Erasure poem derived from The Diary of Samuel Pepys, Wednesday 4 June 1662.

Arguments with destiny: 5

“I have a steadfast joy
and a joy that’s lost…” ~ “Riches,” Gabriela Mistral

When you were sick for a long time,
the ceiling tilted like a throat
drunk on the molasses of slow
fevered dreams. Marooned

on an island of sheets, you
were brought water, ice cubes,
bowls of broth, fruit plucked
from the tree and speckled

with night rain. The sun swelled
somewhere, in a different sky.
Yours was the cocoon of frog
songs, old ceremony of rice

grains poured into shallow dishes
to divine the blood’s chemical
repercussions. When finally
they led you into the steam

of a bath, you broke through
the surface: sacrificial lattice
of eucalyptus leaves dissolving
in a paroxysm of long-held breath.

Invoice

Up by four o’clock and to my business in my chamber, to even accounts with my Lord and myself, and very fain I would become master of 1000l., but I have not above 530l. toward it yet.
At the office all the morning, and Mr. Coventry brought his patent and took his place with us this morning. Upon our making a contract, I went, as I use to do, to draw the heads thereof, but Sir W. Pen most basely told me that the Comptroller is to do it, and so begun to employ Mr. Turner about it, at which I was much vexed, and begun to dispute; and what with the letter of the Duke’s orders, and Mr. Barlow’s letter, and the practice of our predecessors, which Sir G. Carteret knew best when he was Comptroller, it was ruled for me. What Sir J. Minnes will do when he comes I know not, but Sir W. Pen did it like a base raskall, and so I shall remember him while I live.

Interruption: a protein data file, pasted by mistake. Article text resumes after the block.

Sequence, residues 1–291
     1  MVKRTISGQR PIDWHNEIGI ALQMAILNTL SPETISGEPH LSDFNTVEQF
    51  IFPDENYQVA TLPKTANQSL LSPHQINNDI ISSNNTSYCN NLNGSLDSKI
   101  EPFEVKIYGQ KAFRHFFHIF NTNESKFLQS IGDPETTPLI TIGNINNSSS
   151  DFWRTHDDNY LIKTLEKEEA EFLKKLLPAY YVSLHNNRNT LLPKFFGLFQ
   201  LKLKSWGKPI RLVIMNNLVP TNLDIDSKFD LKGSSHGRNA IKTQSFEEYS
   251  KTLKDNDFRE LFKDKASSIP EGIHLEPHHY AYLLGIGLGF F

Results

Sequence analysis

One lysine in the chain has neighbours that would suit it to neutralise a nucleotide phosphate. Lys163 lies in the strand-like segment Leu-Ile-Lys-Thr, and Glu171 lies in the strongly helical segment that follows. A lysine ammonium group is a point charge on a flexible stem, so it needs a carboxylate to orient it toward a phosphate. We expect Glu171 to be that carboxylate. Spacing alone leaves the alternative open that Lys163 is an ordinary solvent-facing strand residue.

After office done, I went down to the Towre Wharf, where Mr. Creed and Shepley was ready with three chests of the crusados, being about 6000l., ready to bring to shore to my house, which they did, and put it in my further cellar, and Mr. Shepley took the key. I to my father and Dr. Williams and Tom Trice, by appointment, in the Old Bayly, to Short’s, the alehouse, but could come to no terms with T. Trice. Thence to the Wardrobe, where I found my Lady come from Hampton Court, where the Queen hath used her very civilly; and my Lady tells me is a most pretty woman, at which I am glad.
Yesterday (Sir R. Ford told me) the Aldermen of the City did attend her in their habits, and did present her with a gold Cupp and 1000l. in gold therein. But, he told me, that they are so poor in their Chamber, that they were fain to call two or three Aldermen to raise fines to make up this sum, among which was Sir W. Warren.
Home and to the office, where about 8 at night comes Sir G. Carteret and Sir W. Batten, and so we did some business, and then home and to bed, my mind troubled about Sir W. Pen, his playing the rogue with me to-day, as also about the charge of money that is in my house, which I had forgot; but I made the maids to rise and light a candle, and set it in the dining-room, to scare away thieves, and so to sleep.

Four o’clock
and I even accounts
with myself. Our heads roll
like ice on the shore
or the poor in
their warren. Where
is the house I forgot?
I light a room
to scare away sleep.


Erasure poem derived from The Diary of Samuel Pepys, Tuesday 3 June 1662.

Arguments with destiny: 4

“O, to take what we love inside…” ~ Li-Young Lee

The day we looked for my mother
was the day she refused to be found.
And the week before that was a day
one of the women in their circle